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A Poet’s Two Voices

I lay in bed and think of this:
A poet has two voices.
The one he writes with gravitas,
the other of his muse.
The one expressed in syntax text,
with surface structures clear,
subject and predicate defined.
The parts of speech are known,
phrases and clauses understood,
tenses and aspects drawn,
indicative mood expressed.
With temperament in lines expressed,
a state of mind construed—
The poet with his witty quill,
need not be ever rude.
His task is simply to express
what surfaces the mind—

Not so the poet’s other voice,
the voice governed by muse.
The former voice is masculine,
with animation made.
It is the voice of Animus
A cocky voice of tongue!
This other voice, this second voice,
this softer, second voice,
is clearly Anima,
reflecting secrets of the soul,
compassionately expressed.
This second voice is feminine,
the voice of prophecy.
With first voice made in syntax lines,
this second voice is deeper,
emerging from semantic well,
of deeper structures born.

Hers is the voice that gives meaning
to surface utterances.
A sotto voce of the muse.
Hers is that quiet, inner voice,
diplomatically covert—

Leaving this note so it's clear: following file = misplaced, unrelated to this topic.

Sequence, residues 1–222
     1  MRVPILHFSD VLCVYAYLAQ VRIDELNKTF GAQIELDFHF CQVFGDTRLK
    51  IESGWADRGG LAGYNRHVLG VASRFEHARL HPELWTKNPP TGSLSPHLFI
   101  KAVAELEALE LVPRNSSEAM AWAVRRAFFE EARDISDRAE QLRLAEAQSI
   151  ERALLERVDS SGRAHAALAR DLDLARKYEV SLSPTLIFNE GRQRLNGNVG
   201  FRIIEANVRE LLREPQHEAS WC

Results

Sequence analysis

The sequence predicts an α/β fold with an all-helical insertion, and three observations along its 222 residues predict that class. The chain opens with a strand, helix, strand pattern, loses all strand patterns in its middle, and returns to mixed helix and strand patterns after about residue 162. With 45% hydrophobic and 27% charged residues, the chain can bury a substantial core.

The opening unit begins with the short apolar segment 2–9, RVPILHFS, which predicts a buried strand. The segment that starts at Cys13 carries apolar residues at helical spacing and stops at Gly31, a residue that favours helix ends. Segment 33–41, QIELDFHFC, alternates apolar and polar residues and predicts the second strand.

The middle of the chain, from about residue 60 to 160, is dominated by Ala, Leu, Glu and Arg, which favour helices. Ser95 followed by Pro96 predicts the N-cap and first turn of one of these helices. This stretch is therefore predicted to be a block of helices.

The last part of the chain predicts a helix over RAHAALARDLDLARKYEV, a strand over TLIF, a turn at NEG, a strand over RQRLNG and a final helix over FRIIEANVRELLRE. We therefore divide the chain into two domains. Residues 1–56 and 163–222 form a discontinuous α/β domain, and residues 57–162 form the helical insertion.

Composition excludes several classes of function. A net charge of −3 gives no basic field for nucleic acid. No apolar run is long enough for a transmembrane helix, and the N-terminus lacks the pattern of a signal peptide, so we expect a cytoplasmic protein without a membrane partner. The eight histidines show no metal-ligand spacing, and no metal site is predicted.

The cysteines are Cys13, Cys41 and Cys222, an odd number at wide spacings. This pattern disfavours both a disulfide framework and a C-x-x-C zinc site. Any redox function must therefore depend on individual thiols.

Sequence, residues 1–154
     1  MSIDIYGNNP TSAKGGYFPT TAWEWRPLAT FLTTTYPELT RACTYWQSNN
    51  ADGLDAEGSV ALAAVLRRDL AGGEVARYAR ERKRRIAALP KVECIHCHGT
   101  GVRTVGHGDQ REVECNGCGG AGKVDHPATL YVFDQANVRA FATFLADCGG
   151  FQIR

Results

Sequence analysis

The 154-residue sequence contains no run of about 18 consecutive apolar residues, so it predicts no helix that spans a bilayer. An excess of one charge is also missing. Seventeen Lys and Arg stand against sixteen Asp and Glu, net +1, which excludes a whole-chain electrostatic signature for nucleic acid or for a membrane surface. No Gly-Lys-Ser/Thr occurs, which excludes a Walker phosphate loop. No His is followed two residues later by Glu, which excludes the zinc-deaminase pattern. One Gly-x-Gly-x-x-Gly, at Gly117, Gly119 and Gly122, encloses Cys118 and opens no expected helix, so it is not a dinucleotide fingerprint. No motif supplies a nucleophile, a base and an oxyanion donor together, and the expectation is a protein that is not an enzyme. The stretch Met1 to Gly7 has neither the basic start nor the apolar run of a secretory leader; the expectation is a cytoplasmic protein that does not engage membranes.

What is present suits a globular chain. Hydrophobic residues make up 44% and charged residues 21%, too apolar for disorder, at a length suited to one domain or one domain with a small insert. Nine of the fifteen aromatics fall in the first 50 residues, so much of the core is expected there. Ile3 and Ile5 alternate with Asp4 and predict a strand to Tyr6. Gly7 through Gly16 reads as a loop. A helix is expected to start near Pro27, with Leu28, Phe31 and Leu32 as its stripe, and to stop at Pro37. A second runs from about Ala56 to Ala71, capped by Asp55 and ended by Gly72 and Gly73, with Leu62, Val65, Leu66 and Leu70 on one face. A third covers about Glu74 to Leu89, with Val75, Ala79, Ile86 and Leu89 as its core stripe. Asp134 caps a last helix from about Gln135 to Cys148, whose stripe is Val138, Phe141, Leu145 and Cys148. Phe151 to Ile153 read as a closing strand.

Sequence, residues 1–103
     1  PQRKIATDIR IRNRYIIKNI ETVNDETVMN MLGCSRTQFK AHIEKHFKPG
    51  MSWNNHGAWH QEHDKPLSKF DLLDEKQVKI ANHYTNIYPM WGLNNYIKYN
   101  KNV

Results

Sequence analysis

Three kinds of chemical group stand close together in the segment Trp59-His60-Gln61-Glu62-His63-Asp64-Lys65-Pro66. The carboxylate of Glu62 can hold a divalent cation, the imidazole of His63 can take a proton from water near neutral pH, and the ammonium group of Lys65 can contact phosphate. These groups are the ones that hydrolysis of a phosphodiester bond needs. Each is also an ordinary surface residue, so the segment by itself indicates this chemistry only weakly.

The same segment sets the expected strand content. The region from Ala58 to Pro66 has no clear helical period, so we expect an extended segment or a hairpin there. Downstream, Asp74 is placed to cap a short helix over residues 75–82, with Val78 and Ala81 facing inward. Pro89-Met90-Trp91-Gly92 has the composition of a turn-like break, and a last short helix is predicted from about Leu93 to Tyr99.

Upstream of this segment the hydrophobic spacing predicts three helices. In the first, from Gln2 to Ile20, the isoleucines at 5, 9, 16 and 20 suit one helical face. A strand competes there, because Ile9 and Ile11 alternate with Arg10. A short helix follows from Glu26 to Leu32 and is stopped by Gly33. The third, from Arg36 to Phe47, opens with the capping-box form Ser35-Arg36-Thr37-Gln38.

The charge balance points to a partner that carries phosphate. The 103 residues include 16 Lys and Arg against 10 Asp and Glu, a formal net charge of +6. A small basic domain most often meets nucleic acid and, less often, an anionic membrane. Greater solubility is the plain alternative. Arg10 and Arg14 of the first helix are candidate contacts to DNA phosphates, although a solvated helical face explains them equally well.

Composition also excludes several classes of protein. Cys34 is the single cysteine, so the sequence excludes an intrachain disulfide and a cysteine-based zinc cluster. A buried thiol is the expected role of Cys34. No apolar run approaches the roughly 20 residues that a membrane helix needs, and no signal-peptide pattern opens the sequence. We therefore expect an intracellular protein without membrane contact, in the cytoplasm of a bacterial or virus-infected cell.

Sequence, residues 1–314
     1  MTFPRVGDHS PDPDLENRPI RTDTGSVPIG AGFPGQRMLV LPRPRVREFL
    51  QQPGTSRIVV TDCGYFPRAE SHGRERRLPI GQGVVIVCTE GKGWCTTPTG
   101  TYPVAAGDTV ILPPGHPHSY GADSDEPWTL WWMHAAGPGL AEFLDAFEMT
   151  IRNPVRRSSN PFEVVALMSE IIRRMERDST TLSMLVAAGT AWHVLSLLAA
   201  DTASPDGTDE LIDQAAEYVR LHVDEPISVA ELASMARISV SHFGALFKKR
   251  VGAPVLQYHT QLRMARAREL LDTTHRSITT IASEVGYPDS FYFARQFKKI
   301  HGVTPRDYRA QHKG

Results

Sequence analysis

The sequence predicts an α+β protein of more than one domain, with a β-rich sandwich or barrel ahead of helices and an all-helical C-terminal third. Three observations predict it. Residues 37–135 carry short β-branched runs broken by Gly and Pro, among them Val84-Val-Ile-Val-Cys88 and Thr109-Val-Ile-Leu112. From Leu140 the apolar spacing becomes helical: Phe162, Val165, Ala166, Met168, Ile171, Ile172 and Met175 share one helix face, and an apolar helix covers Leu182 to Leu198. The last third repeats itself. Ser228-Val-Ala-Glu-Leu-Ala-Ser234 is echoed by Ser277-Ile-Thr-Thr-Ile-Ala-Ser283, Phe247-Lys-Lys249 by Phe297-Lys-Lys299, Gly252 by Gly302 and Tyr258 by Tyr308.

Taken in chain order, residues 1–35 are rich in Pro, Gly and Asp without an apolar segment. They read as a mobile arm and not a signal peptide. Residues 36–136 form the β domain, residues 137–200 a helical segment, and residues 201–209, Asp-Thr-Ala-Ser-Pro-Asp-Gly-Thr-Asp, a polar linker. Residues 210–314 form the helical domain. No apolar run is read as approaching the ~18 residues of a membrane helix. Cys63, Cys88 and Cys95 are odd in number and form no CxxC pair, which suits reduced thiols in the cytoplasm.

Not so that masculine overt voice,
blasting a symphony,
with trumpets and with clarinets,
to make attention sharp.
In contrast is this second voice,
a meditating voice,
emptying the mind with softer chords,
harmoniously expressed.

Her Psalter is a curative balm,
It heals the hurt, it heals all pain,
inviting souls to prayer.
Together these two voices blend,
the masculine and the feminine,
to give a priestly chorus.
Inspiring schools of ancient prophets
to render their cantorial verdict:
Whether these two voices in suit,
can truly, truly blend —
The masculine and feminine,
with Mishnah of new learning,
to give life a new meaning.

About this poem

At age eighty six, I find my muse, as a Delphi oracle, urging me to listen to her, as she pleads to give council to those who have eyes to see and ears to hear. I am listening to that ancient, quiet inner voice. Will you listen along with me? She is asking us all to listen.

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Written on November 18, 2021

Submitted by karlcfolkes on November 18, 2021

1:45 min read

Karl Constantine FOLKES

Retired educator of Jamaican ancestry with a lifelong interest in composing poetry dealing particularly with the metaphysics of self-reflection; completed a dissertation in Children’s Literature in 1995 at New York University entitled: An Analysis of Wilhelm Grimm’s “Dear Mili” Employing Von Franzian Methodological Processes. The subject of the dissertation concerned the process of Individuation. more…

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    "A Poet’s Two Voices" Poetry.com. STANDS4 LLC, 2022. Web. 18 Jan. 2022. <https://www.poetry.com/poem/114232/a-poet%E2%80%99s-two-voices>.

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